Lowry 'bitterly disappointed' after throwing away lead


Shane Lowry could not hide his disappointment after surrendering a four-stroke lead at the U.S. Open, though he believes he is good enough to eventually break through and win a major.

Lowry was clear atop the leaderboard when the fourth round teed off on Sunday but his advantage quickly evaporated as American Dustin Johnson claimed his first major title with a three-stroke victory at Oakmont Country Club.

The Irishman faltered dramatically on day four after posting a six-over-par 76, which included seven bogeys, three of those in succession starting at the 14th hole.

In his post-tournament news conference, Lowry told reporters: "Bitterly disappointed, standing here. And, you know, it's not easy to get yourself in a position I got myself in today. It was there for the taking and I didn't take it," Lowry said.

"But you can only learn from your mistakes, I always say it's only a mistake if you don't learn from it. I'm sure I learned a lot from today and I don't know what it is yet, but when I'm in that position again, and I know I will be, I'll handle it probably a little bit better.

"When I look back on this week, there will be a lot of positives to take from it, second place at the U.S. Open, my best ever finish in a major. Good World Ranking points this week.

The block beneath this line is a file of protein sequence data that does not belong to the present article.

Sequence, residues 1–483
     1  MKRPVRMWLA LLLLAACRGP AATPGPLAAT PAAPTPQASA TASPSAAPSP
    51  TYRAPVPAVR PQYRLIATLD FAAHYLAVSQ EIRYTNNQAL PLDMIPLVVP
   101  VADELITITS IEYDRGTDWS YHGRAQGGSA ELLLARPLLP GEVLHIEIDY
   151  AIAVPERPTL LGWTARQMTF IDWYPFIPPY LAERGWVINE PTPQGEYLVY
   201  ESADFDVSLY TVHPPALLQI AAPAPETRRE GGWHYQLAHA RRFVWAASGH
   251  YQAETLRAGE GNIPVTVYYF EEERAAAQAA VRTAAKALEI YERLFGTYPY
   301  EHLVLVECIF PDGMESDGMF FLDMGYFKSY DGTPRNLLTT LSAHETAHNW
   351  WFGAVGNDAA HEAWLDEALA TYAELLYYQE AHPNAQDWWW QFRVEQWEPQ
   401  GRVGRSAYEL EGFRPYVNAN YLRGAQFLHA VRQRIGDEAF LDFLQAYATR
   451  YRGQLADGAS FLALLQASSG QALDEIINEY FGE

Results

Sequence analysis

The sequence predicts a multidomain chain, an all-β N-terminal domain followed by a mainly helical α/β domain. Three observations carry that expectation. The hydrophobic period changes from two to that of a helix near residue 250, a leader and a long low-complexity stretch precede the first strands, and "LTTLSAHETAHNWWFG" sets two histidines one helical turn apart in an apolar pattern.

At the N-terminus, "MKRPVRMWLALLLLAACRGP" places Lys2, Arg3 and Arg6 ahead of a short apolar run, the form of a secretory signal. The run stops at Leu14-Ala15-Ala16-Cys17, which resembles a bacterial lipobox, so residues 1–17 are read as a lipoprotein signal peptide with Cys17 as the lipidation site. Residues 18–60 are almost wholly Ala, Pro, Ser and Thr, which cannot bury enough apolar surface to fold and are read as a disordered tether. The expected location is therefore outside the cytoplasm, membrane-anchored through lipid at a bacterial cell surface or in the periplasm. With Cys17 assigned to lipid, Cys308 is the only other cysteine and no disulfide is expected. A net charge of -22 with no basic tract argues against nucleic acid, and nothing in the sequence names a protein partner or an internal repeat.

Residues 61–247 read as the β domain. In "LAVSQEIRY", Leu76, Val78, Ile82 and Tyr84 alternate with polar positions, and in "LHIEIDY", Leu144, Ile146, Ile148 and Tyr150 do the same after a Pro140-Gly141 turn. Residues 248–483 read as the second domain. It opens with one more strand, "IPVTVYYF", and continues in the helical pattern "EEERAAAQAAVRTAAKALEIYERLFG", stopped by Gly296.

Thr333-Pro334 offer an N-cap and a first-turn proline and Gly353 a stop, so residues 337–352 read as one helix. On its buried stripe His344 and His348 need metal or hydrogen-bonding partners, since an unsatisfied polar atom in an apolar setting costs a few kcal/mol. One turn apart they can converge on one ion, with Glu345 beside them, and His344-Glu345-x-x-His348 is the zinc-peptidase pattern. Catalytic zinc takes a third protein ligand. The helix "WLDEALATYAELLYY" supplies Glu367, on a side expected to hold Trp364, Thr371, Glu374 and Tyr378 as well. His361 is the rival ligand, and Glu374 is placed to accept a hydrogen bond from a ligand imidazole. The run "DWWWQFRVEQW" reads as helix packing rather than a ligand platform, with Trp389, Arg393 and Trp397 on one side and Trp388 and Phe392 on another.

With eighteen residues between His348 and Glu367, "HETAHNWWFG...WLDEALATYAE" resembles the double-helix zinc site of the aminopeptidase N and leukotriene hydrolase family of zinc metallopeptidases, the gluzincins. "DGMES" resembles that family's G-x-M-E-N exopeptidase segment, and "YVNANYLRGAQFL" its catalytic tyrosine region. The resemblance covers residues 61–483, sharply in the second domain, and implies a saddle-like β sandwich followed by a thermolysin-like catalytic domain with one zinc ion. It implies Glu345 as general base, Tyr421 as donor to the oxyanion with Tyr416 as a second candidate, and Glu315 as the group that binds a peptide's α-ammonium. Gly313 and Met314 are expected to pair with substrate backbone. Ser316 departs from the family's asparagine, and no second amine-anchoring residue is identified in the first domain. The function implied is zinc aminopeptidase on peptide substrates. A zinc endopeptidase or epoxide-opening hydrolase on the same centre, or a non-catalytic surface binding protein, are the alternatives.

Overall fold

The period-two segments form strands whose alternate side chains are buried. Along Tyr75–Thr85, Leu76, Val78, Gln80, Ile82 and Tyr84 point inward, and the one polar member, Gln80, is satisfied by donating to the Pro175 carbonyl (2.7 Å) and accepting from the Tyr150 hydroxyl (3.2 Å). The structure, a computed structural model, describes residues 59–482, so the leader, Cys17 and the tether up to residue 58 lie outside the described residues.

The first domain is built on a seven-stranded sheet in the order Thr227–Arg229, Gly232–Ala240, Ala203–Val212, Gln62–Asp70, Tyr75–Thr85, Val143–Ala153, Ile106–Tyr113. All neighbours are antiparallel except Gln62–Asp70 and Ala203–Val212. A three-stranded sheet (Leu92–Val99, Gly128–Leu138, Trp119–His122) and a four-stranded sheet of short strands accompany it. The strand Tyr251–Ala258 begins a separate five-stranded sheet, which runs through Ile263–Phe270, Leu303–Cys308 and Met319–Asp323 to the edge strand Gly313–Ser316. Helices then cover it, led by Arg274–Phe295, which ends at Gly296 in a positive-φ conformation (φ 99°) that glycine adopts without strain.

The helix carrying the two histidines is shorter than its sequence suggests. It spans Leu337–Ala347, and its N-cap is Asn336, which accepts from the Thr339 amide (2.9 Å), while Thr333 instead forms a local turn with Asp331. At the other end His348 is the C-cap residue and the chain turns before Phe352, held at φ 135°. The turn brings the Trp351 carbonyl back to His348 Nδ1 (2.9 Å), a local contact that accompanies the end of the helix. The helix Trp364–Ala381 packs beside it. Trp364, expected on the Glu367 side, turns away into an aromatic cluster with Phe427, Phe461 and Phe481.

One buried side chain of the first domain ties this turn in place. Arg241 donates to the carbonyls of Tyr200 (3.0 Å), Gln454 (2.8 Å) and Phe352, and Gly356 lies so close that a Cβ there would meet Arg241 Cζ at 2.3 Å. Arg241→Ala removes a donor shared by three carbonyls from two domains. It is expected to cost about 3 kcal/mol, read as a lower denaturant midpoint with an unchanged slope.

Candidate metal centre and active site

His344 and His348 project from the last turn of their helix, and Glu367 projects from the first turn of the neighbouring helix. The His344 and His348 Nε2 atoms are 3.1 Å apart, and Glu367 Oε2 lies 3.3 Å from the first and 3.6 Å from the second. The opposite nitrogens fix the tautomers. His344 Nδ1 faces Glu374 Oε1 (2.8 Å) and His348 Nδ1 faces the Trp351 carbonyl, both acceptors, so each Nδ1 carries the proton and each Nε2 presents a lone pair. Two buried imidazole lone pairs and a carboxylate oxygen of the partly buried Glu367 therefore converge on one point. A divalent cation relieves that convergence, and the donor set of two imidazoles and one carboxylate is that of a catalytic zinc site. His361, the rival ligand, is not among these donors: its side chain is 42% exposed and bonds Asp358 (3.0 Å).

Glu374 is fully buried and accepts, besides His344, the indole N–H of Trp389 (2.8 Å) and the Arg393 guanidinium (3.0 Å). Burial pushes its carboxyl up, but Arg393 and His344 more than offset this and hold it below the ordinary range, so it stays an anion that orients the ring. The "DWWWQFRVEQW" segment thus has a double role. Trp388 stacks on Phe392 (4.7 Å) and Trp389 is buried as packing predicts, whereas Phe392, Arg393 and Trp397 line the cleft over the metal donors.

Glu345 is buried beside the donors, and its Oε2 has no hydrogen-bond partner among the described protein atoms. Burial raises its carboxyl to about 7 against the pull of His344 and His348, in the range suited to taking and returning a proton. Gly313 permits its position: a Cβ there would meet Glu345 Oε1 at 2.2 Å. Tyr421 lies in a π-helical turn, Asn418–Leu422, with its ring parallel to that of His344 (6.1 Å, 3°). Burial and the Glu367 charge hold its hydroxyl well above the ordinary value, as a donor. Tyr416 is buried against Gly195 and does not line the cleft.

"Got more ahead for me now, and I feel like I'm hitting form at the right time. Hopefully, I can go back to Bridgestone and make a good show in my defence there. Then I've got obviously The Open and the PGA as well."

Lowry added: "The more I think about it, the more upset I'm getting. It's one of those that's going to be hard to take. It's going to be a tough few days. But I led by four shots in the tournament going into the final round. I had a lead with five holes to play.

"I'm definitely good enough to win one of these. So I'll get back on the horse in a couple of weeks. Back to Firestone in a few weeks."

It was an eventful day in Pennsylvania after Johnson was penalised a stroke by tournament officials.

A penalty was hovering over Johnson with six holes remaining after appearing to cause a ball to move on the fifth hole, though officials did not make a decision until the end of the round, not that it affected Lowry's approach.

"We were told at the 12th [but] it didn't really [affect me]"," Lowry said.

"I actually just lipped out for eagle. Made a great par save on the next, and really thought I was in the tournament. If anything, I was hoping he'd get the one-shot penalty. But that's the way it is. Obviously, he didn't need the extra shot in the end. Of course, it would have been interesting if we were tied at the same score."